If the sheer variety of holiday music that pops up each winter is any indication, there's no genre that can't handle a little Christmas spirit. This year, Louisiana country singer Sammy Kershaw decided to test that theory with the sounds of the bayou. His new album of Cajun-infused holiday songs is called A Sammy Klaus Christmas.
"I'm a country artist — but I'm down here in the southwestern part of Louisiana in Cajun country, and we have blues, jazz, country, French zydeco, Southern rock 'n' roll. I just kind of put all of those together, and that's how I come up with my sound over all these years," Kershaw tells NPR's David Greene.
"It's my own sound, and there's not very many other people that have it," says Kershaw. "But it's because of all the great music we have here in Cajun country."
DAVID GREENE, HOST:
All this holiday season, we have been bringing you the latest in Christmas music. We've been featuring song styles ranging from pop to gospel. And today, we are taking you to the Bayou for a Cajun Christmas.
SAMMY KERSHAW: (Reading) 'Cause there on the Bayou, when I stretch my neck stiff, there's eight alligator a'pulling the skiff. And a little fat drover with a long poling stick, I know right away, got to be old St. Nick.
GREENE: That is the voice of country music artist Sammy Kershaw, reading "A Cajun Night Before Christmas," a spoken-word part of his new album, which is called "A Sammy Klaus Christmas." And we have caught up with Sammy Kershaw in Lafayette, Louisiana.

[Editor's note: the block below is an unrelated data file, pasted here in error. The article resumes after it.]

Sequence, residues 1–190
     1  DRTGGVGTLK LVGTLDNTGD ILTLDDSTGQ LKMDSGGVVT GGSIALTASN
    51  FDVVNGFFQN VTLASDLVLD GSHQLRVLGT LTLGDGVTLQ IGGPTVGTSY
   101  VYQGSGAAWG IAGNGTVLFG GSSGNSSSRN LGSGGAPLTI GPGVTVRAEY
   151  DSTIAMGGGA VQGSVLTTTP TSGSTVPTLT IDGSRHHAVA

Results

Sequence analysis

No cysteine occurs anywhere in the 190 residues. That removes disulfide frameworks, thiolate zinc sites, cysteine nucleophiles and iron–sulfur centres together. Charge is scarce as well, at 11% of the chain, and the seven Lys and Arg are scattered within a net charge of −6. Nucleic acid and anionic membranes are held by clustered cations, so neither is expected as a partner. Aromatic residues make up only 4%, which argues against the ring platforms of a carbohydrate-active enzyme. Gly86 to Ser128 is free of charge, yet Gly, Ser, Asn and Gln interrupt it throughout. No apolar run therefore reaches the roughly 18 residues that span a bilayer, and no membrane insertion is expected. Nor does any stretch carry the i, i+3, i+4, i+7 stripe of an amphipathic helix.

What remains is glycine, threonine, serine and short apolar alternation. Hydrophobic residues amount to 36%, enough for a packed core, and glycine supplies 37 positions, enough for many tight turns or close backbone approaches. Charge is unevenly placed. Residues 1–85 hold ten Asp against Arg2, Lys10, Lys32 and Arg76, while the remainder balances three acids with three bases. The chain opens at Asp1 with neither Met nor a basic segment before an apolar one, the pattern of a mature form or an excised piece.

And, Mr. Kershaw, Merry Sammy Klaus Christmas to you.
KERSHAW: Well, thank you, Merry Christmas to you. And you can call me Sam.
GREENE: Well, thank you, Sam. I appreciate that. Let's start with the song from your album that's about snowy scenes that are pretty far from the Bayou, but you give it a real solid Cajun feeling.
(SOUNDBITE OF SONGS, "JINGLE BELLS")
GREENE: That's pretty fun. You know, I don't know if I ever would've put Cajun and Christmas together. But you've got it going on there.
KERSHAW: Well, you know, I'm a country artist. But like you said, I'm down here in the southwestern part of Louisiana, in Cajun country, and, you know, we have blues, jazz, country, French zydeco, Southern rock and roll. And I just kind of put all of those together, and that's how I come up with my sound over all these years. You know, it's my own sound, and there's not very many other people that have it like it, you know. But it's because of all the great music we have here in Cajun country, in Louisiana.
(SOUNDBITE OF SONG, "HOLLY JOLLY CHRISTMAS")
GREENE: Is there a big Cajun dish that was always served at a Kershaw family Christmas?
KERSHAW: Well, you know, we always have rice dressing. We always had rice dressing - dirty rice, a lot of people call it.
KERSHAW: You always have to have pecan pies there.
GREENE: You're making me hungry.
KERSHAW: Sweet potato pies, you know, you have to have. It's just, you know, Cajun people love to cook, and they love to eat.
GREENE: Well, Cajun people apparently know how to cook, eat, as you say, and know how to sing. And I want to hear a little bit of one of the big crowd-pleasers on your recent tour.
(SOUNDBITE OF SONGS, "SANTA CLAUS IS BACK IN TOWN")
GREENE: This is originally an Elvis song, isn't it?
KERSHAW: Yeah. That's right, man. I just love the groove, you know.
(SOUNDBITE OF SONG, "SANTA CLAUS IS BACK IN TOWN")
GREENE: Well, have a fantastic holiday, Sammy Kershaw.
KERSHAW: Oh, thank you, man. Merry Christmas to you. And, you know, my biggest dream in life is to be the real Santa Claus.
GREENE: Well, you got the title for me.
KERSHAW: Thank you, man.
GREENE: Sammy Kershaw, thanks so much for joining us. His new album is "A Sammy Klaus Christmas," and he wants to be the real Santa Claus.
You're listening to MORNING EDITION, from NPR News. I'm David Greene.
STEVE INSKEEP, HOST:
And I'm Steve Inskeep. Transcript provided by NPR, Copyright NPR.